Step 3: As soon as you have reached the count of 6, drop the head back, open up the mouth and let the exhalation begin out the mouth for a count of 6 as well. You are again making the Darth Vader sound or ocean sound at the back of the throat. Simultaneously, keeping the knuckles to the chin, you bring the wrists, forearms and elbows together and forward to meet in front of your face. Push upwards until you are looking straight at the ceiling.

Step 4: Once the exhalation to the count of 6 has finished and palms, wrists, forearms and elbows touch; bring the head back to centre.

The steps above describe a full inhale-exhale cycle. Repeat this cycle 10 times. At the end of the 10th cycle bring your arms alongside of your body and return to your regular breathing.


Remember that the size of the lungs follows the size of the chest. Anything which expands and contracts the chest it also expands and contracts the lungs through:

  1. lifting or compressing the rib cage

  2. lowering or raising the dome of the respiratory diaphragm

  3. releasing or pressing inward with abdominal muscles

  4. allowing the elasticity of the lungs to draw-in chest wall

Three sets of muscles are active in normal breathing:

  1. inter-costal muscles

  2. abdominal muscles

  3. respiratory diaphragm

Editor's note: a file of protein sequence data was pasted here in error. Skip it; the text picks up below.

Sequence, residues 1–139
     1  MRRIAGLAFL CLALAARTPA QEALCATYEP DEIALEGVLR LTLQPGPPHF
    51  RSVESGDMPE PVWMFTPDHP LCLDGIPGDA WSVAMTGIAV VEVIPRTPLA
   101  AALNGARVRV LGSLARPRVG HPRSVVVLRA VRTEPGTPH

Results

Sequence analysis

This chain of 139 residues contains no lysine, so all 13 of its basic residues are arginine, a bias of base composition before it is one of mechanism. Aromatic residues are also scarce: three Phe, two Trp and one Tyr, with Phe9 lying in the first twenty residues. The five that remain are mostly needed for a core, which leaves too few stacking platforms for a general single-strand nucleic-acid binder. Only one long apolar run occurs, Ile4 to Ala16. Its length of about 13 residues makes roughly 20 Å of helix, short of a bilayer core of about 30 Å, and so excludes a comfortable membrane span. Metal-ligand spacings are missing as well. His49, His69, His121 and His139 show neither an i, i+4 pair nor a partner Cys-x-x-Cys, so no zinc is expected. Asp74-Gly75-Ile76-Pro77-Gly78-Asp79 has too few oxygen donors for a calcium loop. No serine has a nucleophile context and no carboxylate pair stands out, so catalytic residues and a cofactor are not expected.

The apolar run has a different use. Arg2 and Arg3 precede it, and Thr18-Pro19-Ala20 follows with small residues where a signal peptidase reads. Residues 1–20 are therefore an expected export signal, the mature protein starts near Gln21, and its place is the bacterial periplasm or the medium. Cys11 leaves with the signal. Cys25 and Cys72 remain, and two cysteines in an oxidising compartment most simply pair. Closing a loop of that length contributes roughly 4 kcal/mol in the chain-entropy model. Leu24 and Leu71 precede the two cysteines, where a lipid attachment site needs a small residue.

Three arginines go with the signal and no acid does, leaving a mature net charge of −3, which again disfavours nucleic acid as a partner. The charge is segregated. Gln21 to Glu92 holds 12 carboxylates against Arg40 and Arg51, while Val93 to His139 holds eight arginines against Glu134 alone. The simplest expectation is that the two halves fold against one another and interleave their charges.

During proper Standing Heating Breath you keep enough tension in your abdominal muscles so that your lower abdomen is not expanding out during inhalation. This ensures that the upper part of the abdomen just below the sternum, the lower part of the chest, and your rib cage are all expanding in order to give room to the lungs to expand.

During proper Standing Heating Breath you are exercising the diaphragm in an isometric way. Its muscle fibres resist lengthening by keeping the dome of the diaphragm from being pulled freely towards the head as inhalation proceeds. At the peak of the inhalation, it holds momentarily in a state of isometric tension.

During proper Standing Heating Breath the position of the arms works together with the external intercostal muscles to increase the inspiratory capacity. Due to our sedentary lifestyle, we tend to use only a small percentage of our vital lung capacity. The increased heart rate creates pulmonary arterial pressures high enough to perfuse the entire lungs with blood at the same time they are being ventilated from top to bottom.

Do not go to extremes!

Standing Heating Breath carried to extremes will over-stimulate the sympathetic nervous system. An extreme situation is when you inhale so deeply that the abdominal wall moves in and when you exhale so hard that the abdominal wall moves out.

Cautions: The Standing Heating Breath should not be performed in case of pregnancy, heart disease and high blood pressure.

*Most yoga breathing exercises cannot be learned via the senses of an inexperienced person unfamiliar with the internal territory. This is why it is extremely important that only qualified people teach and practice them. You don’t need any special training or knowledge to practice them. Whether you are perfectly healthy or suffering from some illness, you can practice these exercises daily.

These are the best way to properly prepare for esoteric forms of yoga breathing exercises.